Decaying, dilapidated, dark Havana are the first shots we get from Hubert Sauper, documentary filmmaker extraordinaire. But as the film moves on, with uninhibited scenes of sensuality and crashing surf, he ends up in a children’s ballet class. A little girl heading up a line of students asks him if he can come to her house for dinner that night. He responds no because he is taking her out to a restaurant.
This doesn’t happen in documentaries! The documentary filmmaker is invisible to the audience, staying removed and objective to document, not fabricate, the subject at hand.
But Hubert Sauper, one of the most famous and most respected documentarians in the world, has been identified as creating a new form of cinema coined “cinema du lien” – the cinema of contact. He has crossed the line between observant, objective, uninvolved photographer and become an affected human being, creating resultant masterpieces of insight. He admits, even celebrates, contriving certain scenes in “Epicentro,” as well as interjecting a good friend, Oona Chaplin (Charlie Chaplin’s grand-daughter), into the mix.
Sauper has explained that “Epicentro” is about the center, as in Cuba being the center point of North and South America as well as being at the crossroads of capitalism and communism. As I researched this film and its filmmaker, I found I had opened a door to ever-expanding new universes of thought and perspective, beginning with Cuba’s representation as a utopia – or not.
How does Sauper do it? In what cagey ways does he create interest, fascination, investment, and greater insight than a standard doc?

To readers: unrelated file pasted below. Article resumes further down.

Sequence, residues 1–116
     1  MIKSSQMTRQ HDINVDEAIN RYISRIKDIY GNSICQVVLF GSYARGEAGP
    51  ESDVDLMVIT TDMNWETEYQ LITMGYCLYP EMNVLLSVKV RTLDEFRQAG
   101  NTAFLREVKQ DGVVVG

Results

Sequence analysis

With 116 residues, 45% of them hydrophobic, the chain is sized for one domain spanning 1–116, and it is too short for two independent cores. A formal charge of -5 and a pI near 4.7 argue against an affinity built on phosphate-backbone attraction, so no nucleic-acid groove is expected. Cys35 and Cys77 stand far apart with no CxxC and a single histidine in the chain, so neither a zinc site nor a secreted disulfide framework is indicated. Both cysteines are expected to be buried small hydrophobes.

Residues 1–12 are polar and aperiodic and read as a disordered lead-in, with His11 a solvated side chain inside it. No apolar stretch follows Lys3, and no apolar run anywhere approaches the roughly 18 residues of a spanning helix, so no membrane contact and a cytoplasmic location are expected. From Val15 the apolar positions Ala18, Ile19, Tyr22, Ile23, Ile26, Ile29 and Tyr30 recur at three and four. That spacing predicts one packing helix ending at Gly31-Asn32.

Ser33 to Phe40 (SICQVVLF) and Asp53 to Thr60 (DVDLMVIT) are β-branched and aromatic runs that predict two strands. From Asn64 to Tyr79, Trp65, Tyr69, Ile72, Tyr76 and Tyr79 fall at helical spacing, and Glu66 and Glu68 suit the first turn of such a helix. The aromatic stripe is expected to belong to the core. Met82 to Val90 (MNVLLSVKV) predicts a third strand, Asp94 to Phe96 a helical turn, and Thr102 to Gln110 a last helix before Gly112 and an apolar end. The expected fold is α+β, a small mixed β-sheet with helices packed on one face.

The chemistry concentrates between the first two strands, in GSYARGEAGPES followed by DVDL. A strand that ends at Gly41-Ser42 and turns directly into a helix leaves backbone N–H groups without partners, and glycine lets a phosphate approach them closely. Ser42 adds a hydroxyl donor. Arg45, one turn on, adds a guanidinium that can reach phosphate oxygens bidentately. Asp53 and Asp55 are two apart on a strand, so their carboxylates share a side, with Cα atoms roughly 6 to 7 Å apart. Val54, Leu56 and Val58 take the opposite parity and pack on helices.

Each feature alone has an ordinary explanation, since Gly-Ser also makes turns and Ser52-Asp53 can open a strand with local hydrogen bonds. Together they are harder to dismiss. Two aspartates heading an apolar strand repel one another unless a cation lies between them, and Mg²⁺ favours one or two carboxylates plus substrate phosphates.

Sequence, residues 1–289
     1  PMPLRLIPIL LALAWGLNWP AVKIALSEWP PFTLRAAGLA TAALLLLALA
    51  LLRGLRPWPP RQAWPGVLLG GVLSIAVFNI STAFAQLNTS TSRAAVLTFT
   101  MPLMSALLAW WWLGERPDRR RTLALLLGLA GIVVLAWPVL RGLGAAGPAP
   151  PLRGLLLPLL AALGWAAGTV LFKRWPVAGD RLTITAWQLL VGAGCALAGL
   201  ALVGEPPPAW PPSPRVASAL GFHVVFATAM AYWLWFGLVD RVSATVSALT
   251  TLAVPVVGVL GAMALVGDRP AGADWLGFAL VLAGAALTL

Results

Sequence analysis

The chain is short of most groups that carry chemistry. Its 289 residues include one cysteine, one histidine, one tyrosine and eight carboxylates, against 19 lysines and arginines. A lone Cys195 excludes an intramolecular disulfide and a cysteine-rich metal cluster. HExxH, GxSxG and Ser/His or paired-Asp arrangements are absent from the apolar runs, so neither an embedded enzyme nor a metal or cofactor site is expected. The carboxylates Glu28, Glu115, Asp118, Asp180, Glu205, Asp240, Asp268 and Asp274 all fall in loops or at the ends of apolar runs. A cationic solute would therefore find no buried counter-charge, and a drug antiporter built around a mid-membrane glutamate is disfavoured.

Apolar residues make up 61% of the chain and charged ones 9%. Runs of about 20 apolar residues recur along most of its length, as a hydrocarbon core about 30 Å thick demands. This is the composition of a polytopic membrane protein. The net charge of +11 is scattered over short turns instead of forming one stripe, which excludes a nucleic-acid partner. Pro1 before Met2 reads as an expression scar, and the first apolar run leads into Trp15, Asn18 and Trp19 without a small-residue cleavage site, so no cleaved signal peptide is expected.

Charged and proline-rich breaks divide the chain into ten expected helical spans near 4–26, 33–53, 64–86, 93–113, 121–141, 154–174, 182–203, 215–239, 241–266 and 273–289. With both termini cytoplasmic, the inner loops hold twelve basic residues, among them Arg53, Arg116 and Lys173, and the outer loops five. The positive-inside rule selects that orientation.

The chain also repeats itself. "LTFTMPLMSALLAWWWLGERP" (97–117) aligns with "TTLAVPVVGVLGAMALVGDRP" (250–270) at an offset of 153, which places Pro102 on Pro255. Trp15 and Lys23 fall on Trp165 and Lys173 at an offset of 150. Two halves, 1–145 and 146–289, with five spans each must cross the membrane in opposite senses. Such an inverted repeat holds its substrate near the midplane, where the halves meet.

He does take the little ballet dancer and a friend to a hotel for dinner and a swim in its luxurious pool. But first they must get past the hotel “guard” who is sure the children don’t belong there. So, it’s quite fitting when the little girl reports that she has peed in the pool.
We don’t know the charismatic little girl’s name in the film, but research reveals it is Leonelis Arango Salas. She is one of the little “prophets” that Sauper uses to tell the story of Cuba. This is a strategy he has used before. He finds children where he is filming to explain the history and circumstance of their location. He finds the greatest honesty and candor from what he calls his prophets. What Leonelis, who seems to be about ten years old, and her friends have to say is their unguarded, experiential truth.
Leonelis tells the camera that she wants to be an actress and be in Paris. This is not an untypical dream for a little girl taking ballet. But since her picture was chosen to be on this film’s poster, now she is indeed all over Paris as well as France and the world.
In the film’s beginning, a little girl, maybe 3 or 4 years old, is happily playing by herself. A group of boys, maybe 8 to 10 years old, runs past her and down the street. She gets up to join the running until she loses them. She stops, plops down on a curb and, with head in hands, cries out in despair. That’s one metaphor for Cuba. Sauper keeps them coming, with revelations and always a little surprise.
Sauper has won more than 50 awards over the course of his career. “Epicenter” will be another big winner. Already awarded the 2020 Sundance Grand Jury Prize for World Cinema Documentary, “Epicentro” premiered in virtual cinemas Aug. 28.
Director/Writer/Cinematographer: Hubert Sauper
Executive Producers: Dan Cogan, Michael Donaldson, Vincent Maraval, Christopher Ott, Alexander Thies and Monika Weibel
Producers: Paolo Calamita, Gabriele Kranzelbinder, Daniel Marquet, Martin Marquet, Barbara Pichler
Co-Executive Producers: Agnes Mentre and Jenny Raskin
Film Editors: Yves Deachamps and Hubert Sauper
Cast: Oona Chaplin, Leonelis Arango Salas, Annielys Pelladito Zaldivar, Yorlenis David de la Cruz Leyva, Melani Camila Peralta Kalunga Amanda Cuesta Arias Angelo Martinez
Janet Peña Semunat Yeney de la Caridad Martinez Savón
Adis Annie Zaldivar Araujo Kevin Fidel Oraiyo Jennifer Guerra Peña Itiano Ronaldo
Original Music: Maximillian Turnbull and Zsuzanna Varkonyi
Live songs performed by: Oona Castilla Chaplin
Release date: Aug. 28, 2020
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